Prion Diseases

Diagnosis and Pathogenesis
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Martin H. Groschup
752 g
279x210x16 mm
State-of-the-art report on this topic
Pathogenesis of Prion Diseases: Prions: from neurografts to neuroinvasion (M. Glatzel, M. A. Klein, S. Brandner, A. Aguzzi); Follicular dendritic cells in scrapie pathogenesis (K. L. Brown, K. Stewart, D. Ritchie, H. Fraser, W. I. Morrison, M. E. Bruce); Cellular and sub-cellular localisation of PrP in the lymphoreticular system of mice and sheep (M. Jeffrey, G. McGovern, S. Martin, C. M. Goodsir, K. L. Brown); Pharmacological manipulation of early PrP//res// accumulation in the spleen of scrapie-infected mice (V. Beringue, F. Lamoury, K. T. Adjou, T. Maignien, M. Demoy, P. Couvreur, D. Dormont); Pathogenesis of natural scrapie in sheep (L. J. M. van Keulen, B. E. C. Schreuder, M. E. W. Vromans, J. P. M. Langeveld, M. A. Smits).- Animal Models for Prion Diseases: Detection of cattle-derived BSE prions using transgenic mice overexpressing bovine PrP//C// (A. Buschmann, E. Pfaff, K. Reifenberg, H. M. Müller, M. H. Groschup); Analyzing the influence of PrP primary structure on prion pathogenesis in transgenic mice (S. Campbell, U. Dennchy, G. Telling); A single amino acid alteration in murine PrP dramatically alters TSE incubation time (J. C. Manson, R. Barron, E. Jamieson, H. Baybutt, N. Tuzi, I. McConnell, D. Melton, J. Hope, C. Bostock); A transgenic model of a familial prion disease (D. A. Harris, R. Chiesa, B. Drisaldi, E. Quaglio, A. Migheli, P. Picardo, B. Ghetti); Transgenic models of prion disease (M. R. Scott, S. Supattapone, H.-O. B. Nguyen, S. J. DeArmond, S. B. Prusiner).- Epidemiology and Diagnosis of Prion Diseases: Surveillance of BSE (D. Heim, J. W. Wilesmith); Histopathology and immunohistochemistry of human transmissible spongiform encephalopathies (TSEs) (H. Budka); Pathology of variant Creutzfeldt-Jakob disease (J. W. Ironside); Clinical and differential diagnosis of Creutzfeldt-Jakob disease (S. Poser, I. Zerr, A. Schroeter, M. Otto, A. Giese, B. J. Steinhoff, H. A. Kretzschmar); Putting prions into focus: application of single moleculedetection to the diagnosis of prion diseases (A. Giese, J. Bieschke, M. Eigen, H. A. Kretzschmar); Detection of PrP//Sc// in subclinical BSE with the paraffin-embedded tissue (PET) blot (W. J. Schulz-Schaeffer, R. Fatzer, M. Vandevelde, H. A. Kretzschmar); Sheep and goats: natural and experimental TSEs and factors influencing incidence of disease (N. Hunter, W. Goldmann, E. Marshall, G. O'Neill); Application of Prionics Western blotting procedure to screen for BSE in cattle regularly slaughtered at Swiss abattoirs (B. Oesch, M. Doherr, D. Heim, K. Fischer, S. Egli, S. Bolliger, K. Biffiger, O. Schaller, M. Vandevelde, M. Moser); Specific determination of the proteinase K-resistant form of the prion protein using two-site immunometric assays. Application to the post-mortem diagnosis of BSE (J. Grassi, C. Créminon, Y. Frobert, P. Frétier, I. Turbica, H. Rezaei, G. Hunsmann, E. Comoy, J.-P. Deslys).- Characterization of the Infectious Agent: PrP//Sc// typing by N-terminal sequencing and mass spectrometry (S. G. Chen, W. Zou, P. Parchi, P. Gambetti); Characterization of BSE and scrapie strains/isolates (M. Groschup, T. Kuczius, F. Junghans, T. Sweeney, W. Bodemer, A. Buschmann); Quantitative traits of prion strains are enciphered in the conformation of the prion protein (J. Safar, F. E. Cohen, S. B. Prusiner).- Structure and Function of PrP: Function of PrP//c// as a copper-binding protein at the synapse (H. A. Kretzschmar, T. Tings, A. Madlung, A. Giese, J. Herms); The prion protein globular domain and disease-related mutants studied by molecular dynamics simulations (M. Billeter, K. Wüthrich); Neurotoxicity but not infectivity of prion proteins can be induced reversibly in vitro (K. Post, D. R. Brown, M. H. Groschup, H. A. Kretzschmar, D. Riesner).- PrP Conversion: Inhibition of formation of protease-resistant prion protein by Trypan Blue, Sirius Red, and other Congo Red analogs (R. Demaimay, B. Chesebro, B. Caughey); The use of monoclonal antibody epitopes for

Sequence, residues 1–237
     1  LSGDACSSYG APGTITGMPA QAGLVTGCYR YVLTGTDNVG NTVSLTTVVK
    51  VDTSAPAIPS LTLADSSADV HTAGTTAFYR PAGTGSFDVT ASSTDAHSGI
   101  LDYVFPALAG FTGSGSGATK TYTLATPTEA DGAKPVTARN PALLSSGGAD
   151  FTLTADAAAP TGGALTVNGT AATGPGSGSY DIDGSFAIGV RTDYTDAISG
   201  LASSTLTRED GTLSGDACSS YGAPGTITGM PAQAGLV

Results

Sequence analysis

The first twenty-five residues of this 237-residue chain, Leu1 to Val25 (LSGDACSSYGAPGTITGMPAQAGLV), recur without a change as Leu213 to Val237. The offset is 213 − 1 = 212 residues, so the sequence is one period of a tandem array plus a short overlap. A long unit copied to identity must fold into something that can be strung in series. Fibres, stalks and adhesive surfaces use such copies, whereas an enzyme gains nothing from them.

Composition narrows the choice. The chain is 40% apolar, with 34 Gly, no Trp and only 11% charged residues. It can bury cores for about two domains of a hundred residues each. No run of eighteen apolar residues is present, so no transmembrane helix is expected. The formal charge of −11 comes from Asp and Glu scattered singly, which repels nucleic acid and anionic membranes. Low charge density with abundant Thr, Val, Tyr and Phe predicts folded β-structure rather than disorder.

The overwhelming interest and the participation of more than 500 scientists from 26 countries made this symposium the largest meeting ever held in the field. In this book twenty-six invited speakers comprehensively present their data on the pathogenesis of prion diseases in humans and animals, on molecular mechanisms involved in the transmissibility across species barriers, on animal and in-vitro models currently available for the detection and quantification of infectivity and on the characterization of prion strains.